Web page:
Medical school is difficult to get into and hard to finish.  It takes a great application to be admitted and an incredible amount of discipline to complete, not to mentioned the considerable student loans required for a program that long, which is why I have some sympathy for any med student who feels they have been wronged to the extent that they need legal help.

That is the basic story line in the recent decision of the Court of Queen’s Bench of Saskatchewan in Sahi v. University of Saskatchewan (CanLII), which is a textbook illustration of how courts treat student grievances against their universities.  Varinder Sahi was an undergraduate med student at the university who was forced to discontinue his studies for failing to meet the academic requirements for promotion.   He had to repeat certain previous phases of the program for academic reasons, and thus entered Phase C on academic probation.  Varinder twice failed to satisfy the academic requirements in Phase C and was told that he would not advance.  He was asked to leave the program.  Ouch.

Varinder appealed his expulsion, first to the College of Medicine Academic Appeals Committee, and then to the Bylaws Committee of Council, which is the process under internal university rules.  When he did not get the result he wanted, he brought the matter to court, alleging the med school and the internal bodies did not follow the proper procedures.

The court began its analysis with the following conceptual framework, which is important to know for any student considering a lawsuit against their university on account of bad grades:

The parties agree as to the legal approach to be adopted by the court in analysing this application. Both parties rely on the decision of Barclay J. in Houston v. University of Saskatchewan reflex, (1994), 117 Sask. R. 291, [1994] 4 W.W.R. 387 (Q.B.), where at para. 17 he states:

[17] An excellent review of the law with respect to matters involving grievances between students and a university is contained in the case of Polten v. University of Toronto(1975), 59 D.L.R. (3d) 197 (Div. Ct.). The dispute here arose as a result of a doctoral student’s refusal to change his thesis and the university’s eventual rejection of his formal paper. The judgment of Weatherston, J., is regularly cited as authority for the non-interventionalist approach of the courts towards such disputes. The court held that the standards for a University degree and the assessment of a student’s work are so clearly vested in the university that the courts have no power to intervene merely because it is thought that the standards are too high, or that the student’s work was inaccurately assessed. However, the prerogative writs of certiorari and mandamus are available to a student who has been denied natural justice in respect of his examinations. The university has been entrusted with the higher education of a large number of the citizens of the province. This is a public responsibility that should be subject to some measure of judicial control.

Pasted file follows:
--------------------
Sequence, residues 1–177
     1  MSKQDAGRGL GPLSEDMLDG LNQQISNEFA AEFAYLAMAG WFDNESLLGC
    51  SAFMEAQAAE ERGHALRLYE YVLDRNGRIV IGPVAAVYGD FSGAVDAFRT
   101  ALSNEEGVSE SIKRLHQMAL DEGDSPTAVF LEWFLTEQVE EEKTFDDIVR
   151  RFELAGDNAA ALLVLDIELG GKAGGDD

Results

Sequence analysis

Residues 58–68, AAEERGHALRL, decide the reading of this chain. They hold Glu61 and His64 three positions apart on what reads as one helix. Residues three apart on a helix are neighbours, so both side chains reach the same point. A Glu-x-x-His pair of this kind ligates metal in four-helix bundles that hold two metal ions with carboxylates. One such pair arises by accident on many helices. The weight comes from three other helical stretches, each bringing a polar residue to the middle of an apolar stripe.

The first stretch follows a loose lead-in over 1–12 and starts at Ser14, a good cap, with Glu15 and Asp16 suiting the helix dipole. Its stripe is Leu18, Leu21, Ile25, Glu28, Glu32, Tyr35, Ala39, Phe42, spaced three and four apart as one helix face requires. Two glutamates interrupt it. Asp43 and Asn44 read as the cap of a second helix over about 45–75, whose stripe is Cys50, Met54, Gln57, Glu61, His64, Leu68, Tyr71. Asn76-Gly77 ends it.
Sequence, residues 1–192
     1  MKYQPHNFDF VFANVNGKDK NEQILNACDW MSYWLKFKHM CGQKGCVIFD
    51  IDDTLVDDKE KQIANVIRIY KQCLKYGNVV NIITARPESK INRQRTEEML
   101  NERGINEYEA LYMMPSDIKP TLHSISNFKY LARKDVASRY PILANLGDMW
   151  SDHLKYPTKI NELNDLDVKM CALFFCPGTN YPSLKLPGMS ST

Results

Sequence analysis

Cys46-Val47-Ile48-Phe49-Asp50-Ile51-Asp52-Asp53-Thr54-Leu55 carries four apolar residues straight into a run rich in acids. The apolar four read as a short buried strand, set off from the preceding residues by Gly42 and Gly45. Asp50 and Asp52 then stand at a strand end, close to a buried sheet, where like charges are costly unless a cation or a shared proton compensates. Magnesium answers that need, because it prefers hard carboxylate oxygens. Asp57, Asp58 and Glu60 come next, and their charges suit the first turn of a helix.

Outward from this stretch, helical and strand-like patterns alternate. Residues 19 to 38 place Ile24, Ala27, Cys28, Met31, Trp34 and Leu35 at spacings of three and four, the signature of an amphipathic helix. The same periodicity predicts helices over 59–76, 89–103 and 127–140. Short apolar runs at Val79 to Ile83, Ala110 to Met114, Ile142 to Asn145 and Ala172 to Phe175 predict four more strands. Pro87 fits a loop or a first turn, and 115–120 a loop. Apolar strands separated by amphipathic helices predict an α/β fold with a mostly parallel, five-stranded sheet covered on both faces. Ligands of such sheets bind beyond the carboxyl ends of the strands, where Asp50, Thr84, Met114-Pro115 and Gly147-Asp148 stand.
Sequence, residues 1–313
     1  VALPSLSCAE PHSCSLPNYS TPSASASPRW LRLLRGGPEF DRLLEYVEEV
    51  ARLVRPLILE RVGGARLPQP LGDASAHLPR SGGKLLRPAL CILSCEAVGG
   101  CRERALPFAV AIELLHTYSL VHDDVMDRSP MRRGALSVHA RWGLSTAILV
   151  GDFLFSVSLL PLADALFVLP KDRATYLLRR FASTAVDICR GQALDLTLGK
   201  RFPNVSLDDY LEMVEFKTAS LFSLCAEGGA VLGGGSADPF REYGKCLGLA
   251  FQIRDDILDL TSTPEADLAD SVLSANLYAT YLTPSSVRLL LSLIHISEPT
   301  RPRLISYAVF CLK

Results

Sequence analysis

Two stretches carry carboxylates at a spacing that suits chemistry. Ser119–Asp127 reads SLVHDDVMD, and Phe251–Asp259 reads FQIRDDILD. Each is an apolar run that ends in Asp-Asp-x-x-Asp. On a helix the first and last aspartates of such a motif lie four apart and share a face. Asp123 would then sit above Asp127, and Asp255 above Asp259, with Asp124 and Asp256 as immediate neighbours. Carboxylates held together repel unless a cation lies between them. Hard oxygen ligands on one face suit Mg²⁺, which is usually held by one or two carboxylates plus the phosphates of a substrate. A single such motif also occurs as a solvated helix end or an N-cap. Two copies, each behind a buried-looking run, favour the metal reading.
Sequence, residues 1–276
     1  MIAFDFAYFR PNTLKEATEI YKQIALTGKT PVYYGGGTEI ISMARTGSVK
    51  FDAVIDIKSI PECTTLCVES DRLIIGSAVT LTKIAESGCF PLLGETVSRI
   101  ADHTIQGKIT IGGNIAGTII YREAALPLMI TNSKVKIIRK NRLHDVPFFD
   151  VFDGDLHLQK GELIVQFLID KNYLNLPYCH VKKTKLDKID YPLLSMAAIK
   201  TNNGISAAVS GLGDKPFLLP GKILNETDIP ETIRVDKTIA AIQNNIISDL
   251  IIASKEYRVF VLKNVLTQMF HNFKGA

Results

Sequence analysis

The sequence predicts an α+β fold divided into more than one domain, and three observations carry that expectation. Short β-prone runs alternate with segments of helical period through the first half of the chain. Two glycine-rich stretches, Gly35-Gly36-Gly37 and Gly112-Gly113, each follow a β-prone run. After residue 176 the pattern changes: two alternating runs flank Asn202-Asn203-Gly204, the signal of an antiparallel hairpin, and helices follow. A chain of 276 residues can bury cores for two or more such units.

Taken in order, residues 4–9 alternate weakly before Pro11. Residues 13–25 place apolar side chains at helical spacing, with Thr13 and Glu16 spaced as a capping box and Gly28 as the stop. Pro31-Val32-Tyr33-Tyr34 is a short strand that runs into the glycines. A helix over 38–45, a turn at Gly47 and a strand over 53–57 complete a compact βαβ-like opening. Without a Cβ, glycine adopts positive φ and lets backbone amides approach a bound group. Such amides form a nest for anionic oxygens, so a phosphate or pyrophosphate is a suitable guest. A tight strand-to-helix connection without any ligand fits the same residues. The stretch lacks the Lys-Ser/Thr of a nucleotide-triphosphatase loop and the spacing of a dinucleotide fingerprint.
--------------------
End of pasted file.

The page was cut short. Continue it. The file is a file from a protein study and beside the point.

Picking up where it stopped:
[7]                  The measure of judicial control referenced by Barclay J. in Houstonwas followed by Rothery J. in Mikkelsen v. University of Saskatchewan (Joint Senate-Council Board of Student Appeals), 2000 SKQB 45 (CanLII), 2000 SKQB 45, 191 Sask. R. 53, where she stated at para. 33:

[33]  In ordinary circumstances, upon finding a breach of natural justice on the basis of a denial to be heard, the court would quash the decision of the tribunal and order that the matter be heard according to law…

The court in this case went on to find that the Bylaws Committee of Council – as a reminder, the second internal university body the student confronted – had exceeded its jurisdiction by considering matters and making a decision beyond its scope.  As a result, the court did not comment on the substance of the student’s claim, but ordered the Bylaws Committee of Council to take another crack at it.  The student had asked the court to reinstate him within the program until this dispute could be resolved, but in light of the fact that this would essentially bump another innocent student out of the program the claimant’s request was denied.

Courts generally take the approach that universities know what they are doing.  They have specialized knowledge and are given the room to test students in those areas and make determinations about whether those students have the knowledge or abilities necessary to satisfy a program’s academic requirements.  It would be a waste of judicial resources to have judges double-check grading in areas they know very little about.  Any claim against a university on academic issues has to be procedural to succeed in court.

This look-at-the-process-not-the-grade approach is one of the traditional elements of student grievances.  This means that both students and universities should focus on internal bodies with a similar energy to how they would approach a lawsuit.